Social engineering used in the cyber attack on a Santander branch

Police and Santander have thwarted an “audacious” cyber gang that aimed to steal millions of pounds by remotely taking control of a bank branch’s computers. One of the plotters posed as an bogus maintenance engineer pretending to be from a third party to fit a computer in a branch of Santander with a “KVM Switch” that would’ve allowed them to remote control the workstation. The co-operation between the Met Police and Santander prevented any losses.

The physical element of the attack shows organisations need to be aware of social engineering as part of a cyber attack. Gaining access to the network inside the perimeter would make it easier to perform attacks.

This type of physical activity as part of a cyber attack is similar to the unsuccessful $423million attack on  Sumitomo Mitsuis where keyloggers installed by hackers let into the bank by its security chief that allowed account details and credentials to be harvested and used in the attack. The security chief was in on the plan and attempted to disable physical security controls that were in place including tampering with the CCTV.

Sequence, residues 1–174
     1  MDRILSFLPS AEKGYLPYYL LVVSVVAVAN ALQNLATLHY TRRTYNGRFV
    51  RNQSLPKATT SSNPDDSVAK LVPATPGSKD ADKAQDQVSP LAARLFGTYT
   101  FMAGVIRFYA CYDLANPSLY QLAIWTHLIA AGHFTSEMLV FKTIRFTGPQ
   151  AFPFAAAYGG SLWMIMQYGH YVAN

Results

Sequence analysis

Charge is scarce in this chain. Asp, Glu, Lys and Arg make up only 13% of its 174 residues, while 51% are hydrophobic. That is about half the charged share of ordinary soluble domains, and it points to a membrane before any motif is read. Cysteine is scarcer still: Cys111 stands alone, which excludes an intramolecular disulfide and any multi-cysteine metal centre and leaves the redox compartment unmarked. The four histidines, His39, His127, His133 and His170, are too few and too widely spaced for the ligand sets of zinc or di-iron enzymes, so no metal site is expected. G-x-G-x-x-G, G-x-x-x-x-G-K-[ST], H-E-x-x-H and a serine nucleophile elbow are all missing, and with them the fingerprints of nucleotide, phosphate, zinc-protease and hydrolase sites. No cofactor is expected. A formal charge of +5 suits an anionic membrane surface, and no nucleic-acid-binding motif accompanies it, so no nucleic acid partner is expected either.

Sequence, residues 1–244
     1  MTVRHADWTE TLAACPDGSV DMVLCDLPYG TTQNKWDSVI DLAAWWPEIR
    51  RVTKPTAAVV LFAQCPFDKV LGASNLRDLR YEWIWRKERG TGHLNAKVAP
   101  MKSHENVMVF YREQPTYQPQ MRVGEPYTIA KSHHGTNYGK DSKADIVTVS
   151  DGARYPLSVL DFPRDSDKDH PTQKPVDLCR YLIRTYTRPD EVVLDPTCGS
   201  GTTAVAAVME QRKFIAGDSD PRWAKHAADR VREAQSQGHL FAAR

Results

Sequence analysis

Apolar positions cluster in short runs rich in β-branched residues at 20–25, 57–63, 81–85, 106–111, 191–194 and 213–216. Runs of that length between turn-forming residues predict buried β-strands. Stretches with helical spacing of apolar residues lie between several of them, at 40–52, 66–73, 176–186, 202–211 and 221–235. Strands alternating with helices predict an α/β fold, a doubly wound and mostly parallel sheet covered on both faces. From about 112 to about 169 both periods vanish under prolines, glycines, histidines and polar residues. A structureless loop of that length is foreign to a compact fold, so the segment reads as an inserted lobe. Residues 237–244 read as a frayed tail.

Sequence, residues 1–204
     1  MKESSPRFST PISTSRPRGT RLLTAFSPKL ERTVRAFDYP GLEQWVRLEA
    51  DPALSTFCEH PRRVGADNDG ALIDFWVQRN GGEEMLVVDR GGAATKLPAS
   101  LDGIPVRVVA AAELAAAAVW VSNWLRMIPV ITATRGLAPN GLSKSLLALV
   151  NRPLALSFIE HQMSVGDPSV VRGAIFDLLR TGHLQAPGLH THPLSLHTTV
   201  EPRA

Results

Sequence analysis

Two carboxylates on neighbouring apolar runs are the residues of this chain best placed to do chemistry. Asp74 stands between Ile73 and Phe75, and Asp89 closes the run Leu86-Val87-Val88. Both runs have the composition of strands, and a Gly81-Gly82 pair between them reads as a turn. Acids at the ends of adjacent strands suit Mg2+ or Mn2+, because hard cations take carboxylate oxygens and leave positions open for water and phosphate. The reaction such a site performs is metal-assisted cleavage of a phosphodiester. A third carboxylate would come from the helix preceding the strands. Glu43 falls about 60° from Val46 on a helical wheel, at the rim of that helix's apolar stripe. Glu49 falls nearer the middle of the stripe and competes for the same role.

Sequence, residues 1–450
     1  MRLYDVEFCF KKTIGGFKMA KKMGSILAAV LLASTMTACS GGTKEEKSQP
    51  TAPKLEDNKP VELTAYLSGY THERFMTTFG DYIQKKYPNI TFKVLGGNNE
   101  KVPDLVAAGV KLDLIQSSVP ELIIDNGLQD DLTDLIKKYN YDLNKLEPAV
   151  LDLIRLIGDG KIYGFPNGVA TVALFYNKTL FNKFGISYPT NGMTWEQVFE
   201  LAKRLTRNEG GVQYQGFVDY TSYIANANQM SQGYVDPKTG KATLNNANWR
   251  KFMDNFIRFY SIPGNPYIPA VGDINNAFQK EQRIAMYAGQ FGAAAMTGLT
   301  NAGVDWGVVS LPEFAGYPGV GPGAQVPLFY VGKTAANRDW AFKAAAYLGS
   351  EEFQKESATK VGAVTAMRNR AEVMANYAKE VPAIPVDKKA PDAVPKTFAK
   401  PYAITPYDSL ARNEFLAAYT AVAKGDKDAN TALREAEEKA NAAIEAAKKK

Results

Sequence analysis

The importance of social engineering awareness training is known, but how many training programmes concentrate purely on the phishing emails and the importance not to open attachments from unknown senders. Social engineering is an art and practitioners such as Kevin Mitnick; now a leading security evangelist but who was at one time the most wanted computer criminal in the USA; can obtain access to systems and information by effectively just asking. Social engineering awareness needs to cover not only training staff about phishing and email security, but also the importance of not giving information to those not authorised to receive it and the prevention of physical social engineering attacks. If an attacker can get insider your physical perimeter they are often able to access your network insider the network security perimeter and less controls to bypass.